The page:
John Wilsey on American Exceptionalism & Civil Religion.
Date: November 29th, 2015

Ever since John Winthrop’s famous declaration that America was a “city on a hill,” the notion of “American exceptionalism” has been woven throughout U.S. history.  Dr. John Wilsey, assistant professor of history and Christian apologetics at the Southwestern Baptist Theological Seminary, explores what this concept means and how it has changed over time, looking at some of the more challenging periods of US history that include the Civil War and race relations over the past century.  Prof. Wilsey ties all of this together with a further examination of civil religion and the role of Christianity in defining what it means for our nation to be “exceptional.”

After exchanging a few pleasantries and finding out about how John came to write this book, we dive into the concept of “American exceptionalism.”  Building upon the work of noted political scientist Seymour Martin Lipset, Dr. Wilsey lays out two distinct variants of exceptionalism — open and closed.  The former views the nation in terms of an example for the rest of the world that attempts to expand freedom to all in the world by means of example.  Closed exceptionalism, on the other hand, has a much more nationalistic overtone and is exclusionary.  John discusses how the concept has changed over time, with special attention to the era of Westward Expansion and the US Civil War.  Along the way, he highlights how several noted historical figures championed and presented the idea of American exceptionalism, including John L. O’Sullivan, Theodore Roosevelt, Woodrow Wilson, John Foster Dulles, Ronald Reagan, and (of course) Abraham Lincoln who had a very nuanced version of the concept.

Discussion then moves to the notion of “civil religion,” and John lays out the various sources of this blend of secular and religious ideas to craft a unique American ideology.  He talks about Protestant theology, Enlightenment philosophy, and Roman civil religion and how each element plays out in our thinking of America’s place in history and the world.  John acknowledges that there are  many variants of civil religion and argues that it tends to be at its worth when borrowing explicitly from Christian theology.  Our conversation then covers a number of key eras of American history with particular attention to the Civil War and Lincoln’s view of America, as well as providence.  This leads us into a discussion of race relations following the Civil War and W.E.B. DuBois’s view of Lincoln and America’s reality lived against its ideals.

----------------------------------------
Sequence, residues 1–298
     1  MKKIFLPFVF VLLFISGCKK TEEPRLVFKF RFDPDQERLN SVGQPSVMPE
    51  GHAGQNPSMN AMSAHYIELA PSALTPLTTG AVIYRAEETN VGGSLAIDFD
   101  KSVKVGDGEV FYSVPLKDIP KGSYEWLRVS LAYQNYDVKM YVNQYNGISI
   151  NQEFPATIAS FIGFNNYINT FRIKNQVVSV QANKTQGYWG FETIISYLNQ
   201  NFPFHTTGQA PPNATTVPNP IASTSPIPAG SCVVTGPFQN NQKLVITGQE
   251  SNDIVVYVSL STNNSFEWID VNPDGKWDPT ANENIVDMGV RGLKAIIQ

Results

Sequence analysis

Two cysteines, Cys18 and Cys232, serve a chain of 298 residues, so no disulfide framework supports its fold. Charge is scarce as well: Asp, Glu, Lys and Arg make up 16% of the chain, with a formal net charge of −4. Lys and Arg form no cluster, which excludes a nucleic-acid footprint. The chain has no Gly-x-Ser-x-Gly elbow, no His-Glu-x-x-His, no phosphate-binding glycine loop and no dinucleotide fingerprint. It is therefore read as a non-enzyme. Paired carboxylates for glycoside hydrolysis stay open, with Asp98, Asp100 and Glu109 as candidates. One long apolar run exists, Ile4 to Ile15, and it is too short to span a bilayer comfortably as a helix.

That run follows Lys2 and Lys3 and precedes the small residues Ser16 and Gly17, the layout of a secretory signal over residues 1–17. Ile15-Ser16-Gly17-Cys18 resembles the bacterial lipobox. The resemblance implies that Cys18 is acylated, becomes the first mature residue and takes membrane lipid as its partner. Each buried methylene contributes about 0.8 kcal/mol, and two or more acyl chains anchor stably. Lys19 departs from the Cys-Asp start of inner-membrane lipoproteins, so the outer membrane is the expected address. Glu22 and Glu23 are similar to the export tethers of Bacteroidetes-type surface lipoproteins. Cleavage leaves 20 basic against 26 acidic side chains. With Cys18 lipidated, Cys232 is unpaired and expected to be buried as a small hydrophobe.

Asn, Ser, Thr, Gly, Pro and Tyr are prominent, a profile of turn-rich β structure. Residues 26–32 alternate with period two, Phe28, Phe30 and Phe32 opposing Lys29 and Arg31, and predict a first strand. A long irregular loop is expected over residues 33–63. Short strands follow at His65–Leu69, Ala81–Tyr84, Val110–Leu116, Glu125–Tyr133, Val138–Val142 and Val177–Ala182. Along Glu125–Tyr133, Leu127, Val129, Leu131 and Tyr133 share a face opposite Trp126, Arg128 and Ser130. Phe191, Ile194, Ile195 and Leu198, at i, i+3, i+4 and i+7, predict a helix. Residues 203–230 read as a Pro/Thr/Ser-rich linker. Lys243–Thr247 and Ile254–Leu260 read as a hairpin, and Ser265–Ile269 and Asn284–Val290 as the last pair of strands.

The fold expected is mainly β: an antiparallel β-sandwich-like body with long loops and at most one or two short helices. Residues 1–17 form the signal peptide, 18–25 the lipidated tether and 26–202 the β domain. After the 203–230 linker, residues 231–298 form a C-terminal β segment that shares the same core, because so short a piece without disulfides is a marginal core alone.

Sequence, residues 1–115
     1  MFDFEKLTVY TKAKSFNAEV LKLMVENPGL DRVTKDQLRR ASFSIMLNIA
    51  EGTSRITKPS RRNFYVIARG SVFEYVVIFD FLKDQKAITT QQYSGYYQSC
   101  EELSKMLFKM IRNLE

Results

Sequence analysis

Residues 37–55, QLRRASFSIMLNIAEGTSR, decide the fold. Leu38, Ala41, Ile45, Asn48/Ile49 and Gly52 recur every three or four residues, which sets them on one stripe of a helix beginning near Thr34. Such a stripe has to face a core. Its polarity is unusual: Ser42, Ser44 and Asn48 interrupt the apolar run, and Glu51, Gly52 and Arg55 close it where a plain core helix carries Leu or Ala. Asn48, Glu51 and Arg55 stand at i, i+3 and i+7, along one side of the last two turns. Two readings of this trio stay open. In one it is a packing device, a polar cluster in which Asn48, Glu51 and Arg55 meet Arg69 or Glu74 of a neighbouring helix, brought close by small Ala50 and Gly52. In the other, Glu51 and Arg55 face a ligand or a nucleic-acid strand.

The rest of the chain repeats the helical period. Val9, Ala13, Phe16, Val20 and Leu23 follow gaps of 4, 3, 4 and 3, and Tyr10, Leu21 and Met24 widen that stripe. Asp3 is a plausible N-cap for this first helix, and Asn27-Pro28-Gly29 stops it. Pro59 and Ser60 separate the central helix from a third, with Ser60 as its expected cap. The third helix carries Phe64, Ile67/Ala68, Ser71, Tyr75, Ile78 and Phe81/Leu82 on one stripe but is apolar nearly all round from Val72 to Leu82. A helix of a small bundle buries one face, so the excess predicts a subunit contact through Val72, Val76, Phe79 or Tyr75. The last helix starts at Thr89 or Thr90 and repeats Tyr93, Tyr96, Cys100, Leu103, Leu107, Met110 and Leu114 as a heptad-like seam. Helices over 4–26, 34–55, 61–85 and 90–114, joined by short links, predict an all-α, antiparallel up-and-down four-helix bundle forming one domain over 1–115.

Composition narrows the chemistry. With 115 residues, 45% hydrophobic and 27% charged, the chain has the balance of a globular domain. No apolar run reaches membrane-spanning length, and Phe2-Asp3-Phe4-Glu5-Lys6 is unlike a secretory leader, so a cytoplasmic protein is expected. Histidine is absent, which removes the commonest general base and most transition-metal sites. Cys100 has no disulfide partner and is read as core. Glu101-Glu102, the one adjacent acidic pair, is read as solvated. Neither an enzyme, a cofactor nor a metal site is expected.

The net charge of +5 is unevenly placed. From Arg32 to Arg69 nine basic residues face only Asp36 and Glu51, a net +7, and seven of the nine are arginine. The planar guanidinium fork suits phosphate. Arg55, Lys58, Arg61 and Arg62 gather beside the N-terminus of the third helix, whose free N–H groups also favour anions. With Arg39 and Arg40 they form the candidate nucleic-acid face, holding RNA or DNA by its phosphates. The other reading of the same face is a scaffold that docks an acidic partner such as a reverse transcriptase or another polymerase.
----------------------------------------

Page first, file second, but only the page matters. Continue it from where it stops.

The interview closes with some of John’s thoughts on the future of American exceptionalism and his desire to see a more open version of that concept.  He also discusses some of the main things he learned throughout the process of writing the book, including a sobering look at racial tension, all of which is leading him to undertake another research project on the thought of DuBois.  Recorded: November 11, 2015.


John Wilsey’s bio at The Southwestern Baptist Theological Seminary.

American Exceptionalism and Civil Religion: Reassessing the History of an Idea, by John Wilsey.

One Nation Under God: An Evangelical Critique of Christian America, by John Wilsey.


 David Mislin on Embracing Religious Pluralism.

Sean Scott on Religious Rhetoric in the US Civil War.

David Dixon on Religious Rhetoric and the Civil Rights Movement.

James Patterson on MLK, Fulton Sheen, and Jerry Falwell.

Robert Delahunty on Alexis de Tocqueville and Religion.

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